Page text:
FINCEN report highlights identity theft as major concern

General fraud, false records, and identity theft accounted for majority of incidents.

The Financial Crimes Enforcement Network (FinCEN) has honed in on identity theft in its recent Financial Trend Analysis. Released in January, the report relates to threats and trends in 2021.

FinCEN found that an overwhelming number of crimes reported related to identity-related suspicious activity, amounting to around 1.6 million, or 42% of around 3.8 million total Bank Secrecy Act (BSA) reports. In monetary terms this was equivalent to $212 billion in suspicious activity.

TypologyNumber of BSA reportsTotal suspicious amounts
General fraud1.2 million$149 billion
False records~423,000$45 billion
Identity theft~222,000$36 billion
Third-party money laundering~154,000$18 billion
Circumventing standards~110,000$12 billion
Total2.1 million$260 billion
Reported Illicit Finance Typology

The key findings were:

  • Most attackers have impersonated others to defraud victims: 69% of identity related reports indicate that attackers impersonated others as part of efforts to defraud victims; 18% of identity-related reports describe attackers using compromised credentials to gain unauthorized access to legitimate customers’ accounts; 13% of identity-related BSA reports (approximately 323,000 filings) report attackers exploiting insufficient verification processes to advance their schemes.
  • Depository institutions have filed the greatest number of identity-related BSA reports: 54% of reports were filed by depository institutions, reporting $201 billion in suspicious activity. Money services businesses (MSBs) are the next largest category of filer, filing 21% of identity-related BSA reports.
  • Fraud was the most reported typology: Of 14 commonly reported typologies, the most reported were general fraud (approximately 1.2 million), false records (approximately 423,000), identity theft (approximately 222,000), third-party money laundering (approximately 154,000), and circumventing standards (approximately 110,000);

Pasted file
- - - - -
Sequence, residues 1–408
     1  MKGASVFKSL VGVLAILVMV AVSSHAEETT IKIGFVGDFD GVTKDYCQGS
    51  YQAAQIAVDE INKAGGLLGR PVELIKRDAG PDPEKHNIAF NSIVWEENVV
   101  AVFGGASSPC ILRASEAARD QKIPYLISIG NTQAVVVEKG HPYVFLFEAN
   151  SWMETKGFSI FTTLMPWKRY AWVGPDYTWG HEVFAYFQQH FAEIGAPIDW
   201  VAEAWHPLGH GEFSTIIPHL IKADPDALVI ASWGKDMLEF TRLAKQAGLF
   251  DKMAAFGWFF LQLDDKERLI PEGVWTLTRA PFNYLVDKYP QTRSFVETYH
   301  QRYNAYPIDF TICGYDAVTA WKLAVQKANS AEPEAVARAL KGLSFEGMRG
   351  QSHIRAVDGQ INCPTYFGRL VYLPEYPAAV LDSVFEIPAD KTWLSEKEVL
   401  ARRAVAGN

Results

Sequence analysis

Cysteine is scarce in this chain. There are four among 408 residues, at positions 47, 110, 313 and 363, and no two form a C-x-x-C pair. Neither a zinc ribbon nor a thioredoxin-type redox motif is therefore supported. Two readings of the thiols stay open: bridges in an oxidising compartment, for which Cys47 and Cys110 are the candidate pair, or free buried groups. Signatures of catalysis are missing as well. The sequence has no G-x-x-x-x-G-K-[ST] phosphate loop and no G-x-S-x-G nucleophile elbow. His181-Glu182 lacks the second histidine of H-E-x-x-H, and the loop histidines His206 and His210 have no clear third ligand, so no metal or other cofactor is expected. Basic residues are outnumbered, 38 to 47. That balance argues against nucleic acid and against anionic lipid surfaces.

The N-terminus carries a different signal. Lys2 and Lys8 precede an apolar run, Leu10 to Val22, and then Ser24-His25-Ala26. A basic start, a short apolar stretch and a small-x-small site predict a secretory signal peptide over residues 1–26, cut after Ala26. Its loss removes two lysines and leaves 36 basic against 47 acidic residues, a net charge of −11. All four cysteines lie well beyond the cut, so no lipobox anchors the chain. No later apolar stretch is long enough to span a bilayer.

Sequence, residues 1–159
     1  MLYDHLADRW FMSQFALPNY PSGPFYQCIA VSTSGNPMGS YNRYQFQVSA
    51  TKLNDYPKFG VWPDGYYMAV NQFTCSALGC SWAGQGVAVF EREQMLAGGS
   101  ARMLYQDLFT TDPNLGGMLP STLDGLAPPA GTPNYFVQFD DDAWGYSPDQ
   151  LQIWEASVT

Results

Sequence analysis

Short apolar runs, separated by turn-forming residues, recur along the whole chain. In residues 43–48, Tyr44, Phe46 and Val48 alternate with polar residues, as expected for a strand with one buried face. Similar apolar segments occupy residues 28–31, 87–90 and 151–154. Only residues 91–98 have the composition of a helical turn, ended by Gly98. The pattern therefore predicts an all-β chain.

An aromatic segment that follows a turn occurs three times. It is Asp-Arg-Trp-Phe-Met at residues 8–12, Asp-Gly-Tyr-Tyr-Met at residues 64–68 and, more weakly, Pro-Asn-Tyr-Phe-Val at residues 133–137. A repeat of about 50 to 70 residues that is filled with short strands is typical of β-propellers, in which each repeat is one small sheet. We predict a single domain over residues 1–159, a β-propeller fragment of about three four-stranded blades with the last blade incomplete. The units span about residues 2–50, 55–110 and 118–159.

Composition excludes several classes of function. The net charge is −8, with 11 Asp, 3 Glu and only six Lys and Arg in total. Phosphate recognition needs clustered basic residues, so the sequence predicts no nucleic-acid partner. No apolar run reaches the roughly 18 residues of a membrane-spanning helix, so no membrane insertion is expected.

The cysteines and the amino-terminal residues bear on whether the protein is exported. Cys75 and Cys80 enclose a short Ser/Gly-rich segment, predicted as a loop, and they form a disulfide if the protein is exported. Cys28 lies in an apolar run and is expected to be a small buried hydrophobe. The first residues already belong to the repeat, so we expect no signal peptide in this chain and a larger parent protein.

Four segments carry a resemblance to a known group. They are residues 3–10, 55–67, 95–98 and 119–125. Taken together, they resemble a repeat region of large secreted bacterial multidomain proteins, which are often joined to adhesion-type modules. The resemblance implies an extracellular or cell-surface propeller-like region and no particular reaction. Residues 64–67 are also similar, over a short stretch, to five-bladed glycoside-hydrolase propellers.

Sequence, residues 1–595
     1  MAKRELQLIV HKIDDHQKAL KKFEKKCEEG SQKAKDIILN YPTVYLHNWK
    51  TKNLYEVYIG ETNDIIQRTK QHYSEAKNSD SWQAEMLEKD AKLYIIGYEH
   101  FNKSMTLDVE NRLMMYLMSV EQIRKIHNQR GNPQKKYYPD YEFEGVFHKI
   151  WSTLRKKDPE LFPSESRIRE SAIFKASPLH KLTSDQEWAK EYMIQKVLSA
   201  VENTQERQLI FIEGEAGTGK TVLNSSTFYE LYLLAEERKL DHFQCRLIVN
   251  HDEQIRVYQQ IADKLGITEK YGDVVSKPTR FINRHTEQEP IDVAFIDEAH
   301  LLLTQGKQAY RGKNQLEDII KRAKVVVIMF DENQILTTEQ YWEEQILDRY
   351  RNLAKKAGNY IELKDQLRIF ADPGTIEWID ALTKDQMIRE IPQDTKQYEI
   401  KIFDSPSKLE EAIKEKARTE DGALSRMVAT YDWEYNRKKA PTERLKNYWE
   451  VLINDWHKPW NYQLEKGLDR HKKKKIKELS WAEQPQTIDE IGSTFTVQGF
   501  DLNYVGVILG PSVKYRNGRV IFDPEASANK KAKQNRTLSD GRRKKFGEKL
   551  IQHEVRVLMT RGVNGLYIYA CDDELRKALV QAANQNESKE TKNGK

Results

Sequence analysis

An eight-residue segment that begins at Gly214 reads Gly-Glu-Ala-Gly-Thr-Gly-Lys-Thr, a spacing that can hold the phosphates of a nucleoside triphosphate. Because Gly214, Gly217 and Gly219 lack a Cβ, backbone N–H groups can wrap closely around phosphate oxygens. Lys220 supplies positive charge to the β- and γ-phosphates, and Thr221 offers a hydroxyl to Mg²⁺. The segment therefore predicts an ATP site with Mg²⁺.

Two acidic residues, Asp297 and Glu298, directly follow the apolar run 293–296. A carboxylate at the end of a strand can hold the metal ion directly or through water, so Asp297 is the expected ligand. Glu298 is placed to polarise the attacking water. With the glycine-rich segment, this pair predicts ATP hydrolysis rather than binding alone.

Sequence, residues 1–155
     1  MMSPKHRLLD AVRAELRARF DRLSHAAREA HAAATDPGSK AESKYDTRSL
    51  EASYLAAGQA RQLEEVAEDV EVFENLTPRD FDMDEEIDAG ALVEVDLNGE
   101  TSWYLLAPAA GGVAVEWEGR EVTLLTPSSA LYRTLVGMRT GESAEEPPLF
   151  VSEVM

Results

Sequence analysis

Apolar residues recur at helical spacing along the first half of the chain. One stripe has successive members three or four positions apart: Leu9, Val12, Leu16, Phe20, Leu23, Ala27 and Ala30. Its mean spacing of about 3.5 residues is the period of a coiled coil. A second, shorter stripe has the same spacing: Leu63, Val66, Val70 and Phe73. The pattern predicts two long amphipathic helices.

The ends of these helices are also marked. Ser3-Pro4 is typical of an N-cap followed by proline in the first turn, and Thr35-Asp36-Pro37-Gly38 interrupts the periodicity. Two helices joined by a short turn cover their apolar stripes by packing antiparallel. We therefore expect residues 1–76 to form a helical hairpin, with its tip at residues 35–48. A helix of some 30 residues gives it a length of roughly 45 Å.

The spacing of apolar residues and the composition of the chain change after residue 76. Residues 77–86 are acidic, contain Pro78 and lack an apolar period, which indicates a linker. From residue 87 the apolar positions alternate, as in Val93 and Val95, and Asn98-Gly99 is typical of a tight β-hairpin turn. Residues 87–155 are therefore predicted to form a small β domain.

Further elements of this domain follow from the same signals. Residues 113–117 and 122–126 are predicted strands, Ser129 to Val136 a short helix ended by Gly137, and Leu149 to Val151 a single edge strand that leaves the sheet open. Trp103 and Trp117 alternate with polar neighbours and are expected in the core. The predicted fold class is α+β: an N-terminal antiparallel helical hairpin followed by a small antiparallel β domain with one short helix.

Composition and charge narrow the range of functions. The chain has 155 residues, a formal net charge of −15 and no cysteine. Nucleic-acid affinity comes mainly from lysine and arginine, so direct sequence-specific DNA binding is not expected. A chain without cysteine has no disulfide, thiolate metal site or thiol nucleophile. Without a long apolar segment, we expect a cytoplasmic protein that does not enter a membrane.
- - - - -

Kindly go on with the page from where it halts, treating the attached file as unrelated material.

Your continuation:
• The impact of identity-related exploitations by BSA report volumes and cited US dollar values are significant and vary by type: Attackers most frequently use impersonation tactics, followed by compromise during authentication, and finally, circumventing verification to evade detection. In contrast, compromise has a disproportionally large monetary impact compared to impersonation and circumvention.
Graphic: FinCEN

In accordance with the AML Act of 2020, FinCEN has engaged with the private and public sectors to assess opportunities to explore the risks and challenges emerging technologies present to financial institutions for preventing and detecting identity compromise.

This includes employing emerging technologies such as digital identity, AI, and Privacy-Enhancing Technologies (PET) to help mitigate customer identity process exploitations and combat a wide variety of illicit finance typologies.

Note: The Financial Trend Analysis focuses on pattern and trend information identified in Bank Secrecy Act (BSA) data linked to identity-related suspicious activity reported in 2021.